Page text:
Russian forces are approaching the end of planned joint drills in neighboring Belarus as the crisis with nearby Ukraine simmers.
According to earlier estimates offered by NATO, around 30,000 Russian troops have poured into Belarus for the joint Russian-Belarusian Union Resolve 2022 — also translated as “Allied Resolve 2022” — drills.
The exercises are spread across five training ranges and four airfields in Belarus and involve a raft of advanced military hardware. According to earlier Russian state media reports, the Kremlin has sent twelve Su-35 air superiority fighters, a Pantsir S1 medium-range surface-to-air missile (SAM) system, 9K720 Iskander short-range ballistic missile systems, and two units of the S-400 missile defense system to Belarus in anticipation of the drills.
Precise details from the drills, which are scheduled from Fe. 10-20, remain unclear. Deputy Russian defence minister Alexander Fomin said last month that the “goal of the exercise is to fine-tune the tasks of suppressing and repelling external aggression during a defensive operation, countering terrorism and protecting the interests of the Union State (Russia and Belarus).”
As Union Resolve 2022 enters its final stretch, Russian and Belarusian officials have expressed satisfaction with the drills’ progress.
“Participants in the drills have successfully demonstrated that Belarus and Russia are prepared to provide an appropriate response to those who are fomenting tensions,” said Alexander Volfovich, State Secretary of the Belarusian Security Council. “However, direct military aggression against the Union State is unlikely precisely because we are prepared to respond to any hostile actions in a tough and effective manner.”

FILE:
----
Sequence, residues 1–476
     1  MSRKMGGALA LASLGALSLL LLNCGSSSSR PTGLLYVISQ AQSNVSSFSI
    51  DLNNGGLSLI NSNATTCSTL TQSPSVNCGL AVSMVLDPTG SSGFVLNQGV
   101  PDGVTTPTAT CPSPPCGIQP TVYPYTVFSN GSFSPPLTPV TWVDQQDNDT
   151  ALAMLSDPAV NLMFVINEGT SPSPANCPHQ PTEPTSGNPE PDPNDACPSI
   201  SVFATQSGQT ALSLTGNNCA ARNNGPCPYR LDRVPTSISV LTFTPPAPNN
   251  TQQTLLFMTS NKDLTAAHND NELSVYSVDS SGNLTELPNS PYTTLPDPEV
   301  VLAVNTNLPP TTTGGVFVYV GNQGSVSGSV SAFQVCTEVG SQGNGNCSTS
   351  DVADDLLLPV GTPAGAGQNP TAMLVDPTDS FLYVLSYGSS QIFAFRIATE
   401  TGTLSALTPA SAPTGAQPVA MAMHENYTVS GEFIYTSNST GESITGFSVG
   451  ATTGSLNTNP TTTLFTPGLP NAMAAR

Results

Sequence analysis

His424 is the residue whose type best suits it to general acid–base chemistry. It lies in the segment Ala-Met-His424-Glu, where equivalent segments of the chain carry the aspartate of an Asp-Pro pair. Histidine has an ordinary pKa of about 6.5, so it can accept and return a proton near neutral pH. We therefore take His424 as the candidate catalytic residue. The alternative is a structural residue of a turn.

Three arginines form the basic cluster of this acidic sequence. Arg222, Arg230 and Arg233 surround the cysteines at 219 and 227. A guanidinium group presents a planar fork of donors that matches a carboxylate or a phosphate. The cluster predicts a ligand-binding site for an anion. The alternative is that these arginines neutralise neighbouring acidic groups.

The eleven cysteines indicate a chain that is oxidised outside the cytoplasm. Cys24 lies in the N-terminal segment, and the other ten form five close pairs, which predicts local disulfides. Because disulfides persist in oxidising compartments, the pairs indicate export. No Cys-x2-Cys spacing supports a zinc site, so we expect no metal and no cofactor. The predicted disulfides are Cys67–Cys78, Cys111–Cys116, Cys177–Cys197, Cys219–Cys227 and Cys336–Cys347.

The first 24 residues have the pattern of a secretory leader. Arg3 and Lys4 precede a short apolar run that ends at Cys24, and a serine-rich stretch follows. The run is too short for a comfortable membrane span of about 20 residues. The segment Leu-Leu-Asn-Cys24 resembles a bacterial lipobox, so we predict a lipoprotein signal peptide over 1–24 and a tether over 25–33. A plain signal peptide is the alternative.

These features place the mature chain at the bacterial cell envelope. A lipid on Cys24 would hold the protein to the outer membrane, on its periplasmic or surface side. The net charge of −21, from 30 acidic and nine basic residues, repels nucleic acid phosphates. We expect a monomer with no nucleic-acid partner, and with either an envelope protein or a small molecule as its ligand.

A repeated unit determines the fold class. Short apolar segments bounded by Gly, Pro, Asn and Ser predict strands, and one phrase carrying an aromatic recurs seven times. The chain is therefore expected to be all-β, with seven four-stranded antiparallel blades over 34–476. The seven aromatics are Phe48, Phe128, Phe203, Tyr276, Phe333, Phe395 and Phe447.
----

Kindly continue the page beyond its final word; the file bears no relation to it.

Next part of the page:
Western governments have voiced concerns that a portion of the Russian troops currently deployed for Union Resolve 2022 could remain on Belarusian territory, contributing to a buildup of Russian forces along Ukraine’s borders. Moscow and Minsk have consistently rebuffed these claims, insisting on the full withdrawal of all Russian military personnel associated with the drills
"Not a single serviceman, not a single unit of military equipment [from Russia] will remain after this [the completion of drills],” said Belarusian foreign minister Vladimir Makei at a press conference on Wednesday. “This has also been stated by the Defense Ministry, [Belarusian] President [Alexander] Lukashenko has also said this, and the Belarusian side stated this during various events within the OSCE framework.”
Kremlin spokesman Dmitry Peskov confirmed on Thursday that a permanent Russian troop presence in Belarus is “not being considered," adding that the process of transferring the Russian personnel back to their garrisons could take several weeks.
"This is a process that will take a certain number of weeks. Of course, it is simply impossible within 24 hours to pull out all that has accumulated there for weeks," Peskov said.
Mark Episkopos is a national security reporter for the National Interest.